20. Comparative proteomics of Thellungiella halophila leaves from plants subjected to salinity reveals the importance of chloroplastic starch and soluble sugars in halophyte salt tolerance.

    PubMed

    Wang, Xuchu; Chang, Lili; Wang, Baichen; Wang, Dan; Li, Pinghua; Wang, Limin; Yi, Xiaoping; Huang, Qixing; Peng, Ming; Guo, Anping

    2013-08-01

    Thellungiella halophila, a close relative of Arabidopsis, is a model halophyte used to study plant salt tolerance. The proteomic/physiological/transcriptomic analyses of Thellungiella plant leaves subjected to different salinity levels, reported herein, indicate an extraordinary ability of Thellungiella to adapt to large concentrations of exogenous saline by compartmentalizing Na(+) into cell vacuoles and accumulating proline and soluble sugars as organic osmolytes. Salinity stress stimulated the accumulation of starch in chloroplasts, which resulted in a greatly increased content of starch and total sugars in leaves. Comparative proteomics of Thellungiella leaves identified 209 salt-responsive proteins. Among these, the sequences of 108 proteins were strongly homologous to Arabidopsis protein sequences, and 30 had previously been identified as Thellungiella proteins. Functional classification of these proteins into 16 categories indicated that the majority are involved in carbohydrate metabolism, followed by those involved in energy production and conversion, and then those involved in the transport of inorganic ions. Pathway analysis revealed that most of the proteins are involved in starch and sucrose metabolism, carbon fixation, photosynthesis, and glycolysis. Of these processes, the most affected were starch and sucrose metabolism, which might be pivotal for salt tolerance. The gene expression patterns of the 209 salt-responsive proteins revealed through hierarchical clustering of microarray data and the expression patterns of 29 Thellungiella genes evaluated via quantitative RT-PCR were similar to those deduced via proteomic analysis, which underscored the possibility that starch and sucrose metabolism might play pivotal roles in determining the salt tolerance ability of Thellungiella. Our observations enabled us to propose a schematic representation of the systematic salt-tolerance phenotype in Thellungiella and suggested that the increased accumulation of

  1. Comparative Proteomics of Thellungiella halophila Leaves from Plants Subjected to Salinity Reveals the Importance of Chloroplastic Starch and Soluble Sugars in Halophyte Salt Tolerance*

    PubMed Central

    Wang, Xuchu; Chang, Lili; Wang, Baichen; Wang, Dan; Li, Pinghua; Wang, Limin; Yi, Xiaoping; Huang, Qixing; Peng, Ming; Guo, Anping

    2013-01-01

    Thellungiella halophila, a close relative of Arabidopsis, is a model halophyte used to study plant salt tolerance. The proteomic/physiological/transcriptomic analyses of Thellungiella plant leaves subjected to different salinity levels, reported herein, indicate an extraordinary ability of Thellungiella to adapt to large concentrations of exogenous saline by compartmentalizing Na+ into cell vacuoles and accumulating proline and soluble sugars as organic osmolytes. Salinity stress stimulated the accumulation of starch in chloroplasts, which resulted in a greatly increased content of starch and total sugars in leaves. Comparative proteomics of Thellungiella leaves identified 209 salt-responsive proteins. Among these, the sequences of 108 proteins were strongly homologous to Arabidopsis protein sequences, and 30 had previously been identified as Thellungiella proteins. Functional classification of these proteins into 16 categories indicated that the majority are involved in carbohydrate metabolism, followed by those involved in energy production and conversion, and then those involved in the transport of inorganic ions. Pathway analysis revealed that most of the proteins are involved in starch and sucrose metabolism, carbon fixation, photosynthesis, and glycolysis. Of these processes, the most affected were starch and sucrose metabolism, which might be pivotal for salt tolerance. The gene expression patterns of the 209 salt-responsive proteins revealed through hierarchical clustering of microarray data and the expression patterns of 29 Thellungiella genes evaluated via quantitative RT-PCR were similar to those deduced via proteomic analysis, which underscored the possibility that starch and sucrose metabolism might play pivotal roles in determining the salt tolerance ability of Thellungiella. Our observations enabled us to propose a schematic representation of the systematic salt-tolerance phenotype in Thellungiella and suggested that the increased accumulation of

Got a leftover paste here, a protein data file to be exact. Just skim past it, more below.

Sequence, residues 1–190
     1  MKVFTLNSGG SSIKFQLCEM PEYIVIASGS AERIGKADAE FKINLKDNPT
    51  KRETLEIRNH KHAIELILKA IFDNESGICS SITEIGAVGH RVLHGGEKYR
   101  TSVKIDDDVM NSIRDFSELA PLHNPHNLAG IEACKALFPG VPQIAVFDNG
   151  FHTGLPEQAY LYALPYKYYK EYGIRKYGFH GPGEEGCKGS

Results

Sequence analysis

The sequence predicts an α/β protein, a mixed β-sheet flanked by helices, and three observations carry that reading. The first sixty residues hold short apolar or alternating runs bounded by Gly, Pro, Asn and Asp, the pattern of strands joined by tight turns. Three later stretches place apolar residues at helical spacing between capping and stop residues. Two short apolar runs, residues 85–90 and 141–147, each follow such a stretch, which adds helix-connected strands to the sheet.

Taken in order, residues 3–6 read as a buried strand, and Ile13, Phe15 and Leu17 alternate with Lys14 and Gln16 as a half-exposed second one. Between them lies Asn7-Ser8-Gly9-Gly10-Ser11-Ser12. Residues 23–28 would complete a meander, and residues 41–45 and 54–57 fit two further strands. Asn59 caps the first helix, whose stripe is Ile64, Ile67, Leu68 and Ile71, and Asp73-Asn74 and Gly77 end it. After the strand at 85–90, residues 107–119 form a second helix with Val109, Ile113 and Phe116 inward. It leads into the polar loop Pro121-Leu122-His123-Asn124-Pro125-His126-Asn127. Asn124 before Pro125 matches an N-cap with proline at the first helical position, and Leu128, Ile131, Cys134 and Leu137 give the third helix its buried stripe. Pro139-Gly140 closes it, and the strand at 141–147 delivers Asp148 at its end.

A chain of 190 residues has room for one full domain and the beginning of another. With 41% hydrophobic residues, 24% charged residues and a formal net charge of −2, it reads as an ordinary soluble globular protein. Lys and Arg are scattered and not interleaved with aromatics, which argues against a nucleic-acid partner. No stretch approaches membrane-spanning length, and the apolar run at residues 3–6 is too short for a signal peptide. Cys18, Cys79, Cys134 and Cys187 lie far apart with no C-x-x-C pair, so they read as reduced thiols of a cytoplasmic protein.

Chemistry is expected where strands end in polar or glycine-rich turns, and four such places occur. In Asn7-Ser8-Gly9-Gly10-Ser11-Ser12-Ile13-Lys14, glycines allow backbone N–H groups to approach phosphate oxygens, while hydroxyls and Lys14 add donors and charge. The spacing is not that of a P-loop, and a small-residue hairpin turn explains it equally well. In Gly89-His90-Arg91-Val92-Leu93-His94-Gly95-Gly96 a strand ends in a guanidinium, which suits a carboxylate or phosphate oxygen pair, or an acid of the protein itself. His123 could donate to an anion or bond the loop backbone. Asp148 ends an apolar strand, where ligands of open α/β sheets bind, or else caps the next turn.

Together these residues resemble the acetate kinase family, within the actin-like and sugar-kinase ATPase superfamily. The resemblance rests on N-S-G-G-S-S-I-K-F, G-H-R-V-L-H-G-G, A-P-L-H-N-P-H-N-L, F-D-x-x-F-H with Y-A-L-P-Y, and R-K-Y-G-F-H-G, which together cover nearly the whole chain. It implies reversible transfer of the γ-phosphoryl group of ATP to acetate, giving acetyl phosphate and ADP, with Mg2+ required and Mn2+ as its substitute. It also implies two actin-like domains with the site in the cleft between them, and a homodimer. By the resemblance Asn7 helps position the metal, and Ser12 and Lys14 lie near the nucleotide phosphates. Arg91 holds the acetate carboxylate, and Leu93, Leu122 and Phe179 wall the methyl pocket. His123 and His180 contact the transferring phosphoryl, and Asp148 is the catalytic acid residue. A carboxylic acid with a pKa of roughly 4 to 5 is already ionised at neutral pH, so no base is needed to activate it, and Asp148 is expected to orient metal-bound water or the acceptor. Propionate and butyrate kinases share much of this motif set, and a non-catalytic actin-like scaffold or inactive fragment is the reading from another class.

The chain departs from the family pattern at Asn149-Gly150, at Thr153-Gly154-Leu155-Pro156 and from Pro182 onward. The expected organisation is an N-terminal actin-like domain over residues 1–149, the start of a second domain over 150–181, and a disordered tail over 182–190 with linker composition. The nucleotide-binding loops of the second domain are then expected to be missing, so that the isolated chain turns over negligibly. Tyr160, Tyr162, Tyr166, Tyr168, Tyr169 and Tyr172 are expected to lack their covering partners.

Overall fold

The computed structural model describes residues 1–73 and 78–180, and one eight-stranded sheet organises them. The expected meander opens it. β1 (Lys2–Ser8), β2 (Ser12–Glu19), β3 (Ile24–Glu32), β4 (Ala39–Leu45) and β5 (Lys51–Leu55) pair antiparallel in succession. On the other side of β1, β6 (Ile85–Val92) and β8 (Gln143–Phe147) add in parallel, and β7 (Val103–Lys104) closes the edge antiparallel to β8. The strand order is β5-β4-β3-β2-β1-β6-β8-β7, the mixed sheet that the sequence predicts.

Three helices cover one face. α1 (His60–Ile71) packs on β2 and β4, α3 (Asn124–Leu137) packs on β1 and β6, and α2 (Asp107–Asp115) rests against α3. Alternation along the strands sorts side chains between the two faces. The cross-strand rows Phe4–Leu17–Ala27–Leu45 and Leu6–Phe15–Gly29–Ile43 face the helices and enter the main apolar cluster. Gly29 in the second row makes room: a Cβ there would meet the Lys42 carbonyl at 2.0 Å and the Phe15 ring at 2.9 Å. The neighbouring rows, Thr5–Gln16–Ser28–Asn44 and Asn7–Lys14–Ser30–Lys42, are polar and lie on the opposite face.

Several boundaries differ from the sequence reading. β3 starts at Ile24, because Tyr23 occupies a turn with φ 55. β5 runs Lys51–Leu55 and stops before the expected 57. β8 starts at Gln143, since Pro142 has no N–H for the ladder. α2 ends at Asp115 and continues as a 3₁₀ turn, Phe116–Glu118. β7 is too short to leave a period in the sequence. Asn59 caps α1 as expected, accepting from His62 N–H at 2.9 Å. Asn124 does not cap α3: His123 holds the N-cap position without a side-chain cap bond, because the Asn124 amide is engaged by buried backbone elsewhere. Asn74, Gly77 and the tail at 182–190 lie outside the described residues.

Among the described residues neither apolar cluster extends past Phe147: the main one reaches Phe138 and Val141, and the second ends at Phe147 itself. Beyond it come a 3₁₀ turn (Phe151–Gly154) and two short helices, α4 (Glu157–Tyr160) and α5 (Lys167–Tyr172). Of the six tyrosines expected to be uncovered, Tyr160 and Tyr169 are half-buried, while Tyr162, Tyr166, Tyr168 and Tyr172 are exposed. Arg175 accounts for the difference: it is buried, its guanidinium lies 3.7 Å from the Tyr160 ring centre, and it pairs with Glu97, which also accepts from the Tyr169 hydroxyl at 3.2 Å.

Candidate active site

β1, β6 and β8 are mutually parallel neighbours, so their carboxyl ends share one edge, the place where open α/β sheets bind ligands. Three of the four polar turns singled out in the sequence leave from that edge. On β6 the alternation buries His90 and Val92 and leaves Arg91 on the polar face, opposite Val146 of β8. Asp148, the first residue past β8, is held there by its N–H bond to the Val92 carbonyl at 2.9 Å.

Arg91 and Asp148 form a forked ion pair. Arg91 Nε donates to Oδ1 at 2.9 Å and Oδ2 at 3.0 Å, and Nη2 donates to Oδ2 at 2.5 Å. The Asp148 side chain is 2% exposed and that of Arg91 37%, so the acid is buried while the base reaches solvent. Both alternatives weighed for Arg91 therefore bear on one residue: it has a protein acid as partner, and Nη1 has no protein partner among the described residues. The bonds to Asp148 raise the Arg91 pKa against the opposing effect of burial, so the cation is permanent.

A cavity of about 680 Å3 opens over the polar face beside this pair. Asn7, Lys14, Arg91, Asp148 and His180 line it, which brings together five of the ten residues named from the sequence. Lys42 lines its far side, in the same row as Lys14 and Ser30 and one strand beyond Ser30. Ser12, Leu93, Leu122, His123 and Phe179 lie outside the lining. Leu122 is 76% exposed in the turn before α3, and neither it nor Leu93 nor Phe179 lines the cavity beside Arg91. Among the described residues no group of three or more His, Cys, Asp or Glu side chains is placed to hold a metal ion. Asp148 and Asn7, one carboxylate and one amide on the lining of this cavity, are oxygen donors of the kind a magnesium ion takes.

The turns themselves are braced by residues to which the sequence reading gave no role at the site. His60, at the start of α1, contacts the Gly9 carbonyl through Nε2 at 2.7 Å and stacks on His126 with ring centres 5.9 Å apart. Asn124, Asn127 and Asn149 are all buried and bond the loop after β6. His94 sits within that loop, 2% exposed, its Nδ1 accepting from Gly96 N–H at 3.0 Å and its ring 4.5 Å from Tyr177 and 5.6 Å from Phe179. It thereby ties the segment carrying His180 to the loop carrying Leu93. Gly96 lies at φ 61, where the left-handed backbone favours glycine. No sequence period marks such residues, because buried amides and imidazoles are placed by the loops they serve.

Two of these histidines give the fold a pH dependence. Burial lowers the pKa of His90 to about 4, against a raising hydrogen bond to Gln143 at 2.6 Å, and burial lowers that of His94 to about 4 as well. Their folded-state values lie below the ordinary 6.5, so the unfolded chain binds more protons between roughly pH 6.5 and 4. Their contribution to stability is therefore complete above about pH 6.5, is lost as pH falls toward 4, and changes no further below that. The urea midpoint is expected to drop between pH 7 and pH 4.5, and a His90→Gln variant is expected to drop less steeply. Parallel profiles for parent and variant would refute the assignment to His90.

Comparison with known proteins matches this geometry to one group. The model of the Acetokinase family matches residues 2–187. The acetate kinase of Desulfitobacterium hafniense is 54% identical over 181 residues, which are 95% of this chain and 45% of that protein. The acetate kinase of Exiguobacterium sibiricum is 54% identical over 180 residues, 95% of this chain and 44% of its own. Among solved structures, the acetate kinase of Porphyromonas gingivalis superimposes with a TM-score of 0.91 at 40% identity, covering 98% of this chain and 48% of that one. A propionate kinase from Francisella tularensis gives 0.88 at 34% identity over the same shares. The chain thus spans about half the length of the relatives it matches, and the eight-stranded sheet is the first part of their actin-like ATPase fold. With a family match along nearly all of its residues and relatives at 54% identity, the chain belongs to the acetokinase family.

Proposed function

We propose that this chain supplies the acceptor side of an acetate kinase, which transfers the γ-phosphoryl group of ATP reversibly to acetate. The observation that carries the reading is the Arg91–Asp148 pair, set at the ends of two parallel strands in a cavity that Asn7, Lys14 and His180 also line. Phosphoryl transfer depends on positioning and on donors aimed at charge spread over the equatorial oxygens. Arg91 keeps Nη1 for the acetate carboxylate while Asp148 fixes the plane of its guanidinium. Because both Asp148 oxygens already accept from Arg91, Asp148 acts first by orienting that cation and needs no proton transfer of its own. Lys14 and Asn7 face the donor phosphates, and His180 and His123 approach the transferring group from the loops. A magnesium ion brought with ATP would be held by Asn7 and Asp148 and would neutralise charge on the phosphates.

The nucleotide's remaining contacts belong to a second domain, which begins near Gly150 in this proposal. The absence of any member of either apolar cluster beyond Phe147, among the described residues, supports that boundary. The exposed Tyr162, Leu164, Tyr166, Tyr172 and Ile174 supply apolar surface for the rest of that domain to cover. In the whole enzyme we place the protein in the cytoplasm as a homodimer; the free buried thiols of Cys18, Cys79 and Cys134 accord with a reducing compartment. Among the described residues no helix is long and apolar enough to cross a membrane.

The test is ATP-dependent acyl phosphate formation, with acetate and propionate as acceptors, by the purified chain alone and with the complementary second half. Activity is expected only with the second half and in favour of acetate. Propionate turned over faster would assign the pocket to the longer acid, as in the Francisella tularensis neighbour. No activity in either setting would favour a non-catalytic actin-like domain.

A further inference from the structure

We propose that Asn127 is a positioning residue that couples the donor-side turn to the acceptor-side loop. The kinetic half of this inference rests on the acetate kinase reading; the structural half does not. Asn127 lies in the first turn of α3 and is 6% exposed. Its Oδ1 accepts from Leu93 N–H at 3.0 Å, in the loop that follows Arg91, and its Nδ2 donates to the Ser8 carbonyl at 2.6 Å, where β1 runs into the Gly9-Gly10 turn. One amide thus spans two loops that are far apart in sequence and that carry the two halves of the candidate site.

2. Significant population genetic structure of the Cameroonian fresh water snail, Bulinus globosus, (Gastropoda: Planorbidae) revealed by nuclear microsatellite loci analysis.

    PubMed

    Djuikwo-Teukeng, F F; Da Silva, A; Njiokou, F; Kamgang, B; Ekobo, A Same; Dreyfuss, G

    2014-09-01

    In order to characterize the demographic traits and spatial structure of Cameroonians Bulinus globosus, intermediate host of Schistosoma haematobium, genetic structure of seven different populations, collected from the tropical zone, was studied using six polymorphic microsatellites. Intrapopulation genetic diversity ranged from 0.37 to 0.55. Interpopulation genetic diversity variation clearly illustrated their significant isolation due to distance with gene flow substantially limited to neighbouring populations. The effective population sizes (Ne) were relatively low (from 3.0 to 18.6), which supposes a high rate from which populations would lose their genetic diversity by drift. Analysis of genetic temporal variability indicated fluctuations of allelic frequencies (35 of 42 locus-population combinations, P<0.05) characteristic of stochastic demography, and this is reinforced by events of bottlenecks detected in all populations. These findings demonstrated that Cameroonian B. globosus were mixed-maters with some populations showing clear preference for outcrossing. These data also suggest that genetic drift and gene flow are the main factors shaping the genetic structure of studied populations.